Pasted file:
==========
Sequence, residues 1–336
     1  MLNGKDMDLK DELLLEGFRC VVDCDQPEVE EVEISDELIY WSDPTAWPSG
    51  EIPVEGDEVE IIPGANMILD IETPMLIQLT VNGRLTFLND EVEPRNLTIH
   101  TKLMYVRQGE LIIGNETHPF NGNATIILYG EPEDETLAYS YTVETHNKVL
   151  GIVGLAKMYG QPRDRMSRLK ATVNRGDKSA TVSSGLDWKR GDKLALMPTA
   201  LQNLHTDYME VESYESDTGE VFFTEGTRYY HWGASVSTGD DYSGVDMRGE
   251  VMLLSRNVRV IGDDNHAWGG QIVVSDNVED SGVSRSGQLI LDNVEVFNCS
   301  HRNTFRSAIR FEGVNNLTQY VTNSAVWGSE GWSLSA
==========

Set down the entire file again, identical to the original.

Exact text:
Sequence, residues 1–336
     1  MLNGKDMDLK DELLLEGFRC VVDCDQPEVE EVEISDELIY WSDPTAWPSG
    51  EIPVEGDEVE IIPGANMILD IETPMLIQLT VNGRLTFLND EVEPRNLTIH
   101  TKLMYVRQGE LIIGNETHPF NGNATIILYG EPEDETLAYS YTVETHNKVL
   151  GIVGLAKMYG QPRDRMSRLK ATVNRGDKSA TVSSGLDWKR GDKLALMPTA
   201  LQNLHTDYME VESYESDTGE VFFTEGTRYY HWGASVSTGD DYSGVDMRGE
   251  VMLLSRNVRV IGDDNHAWGG QIVVSDNVED SGVSRSGQLI LDNVEVFNCS
   301  HRNTFRSAIR FEGVNNLTQY VTNSAVWGSE GWSLSA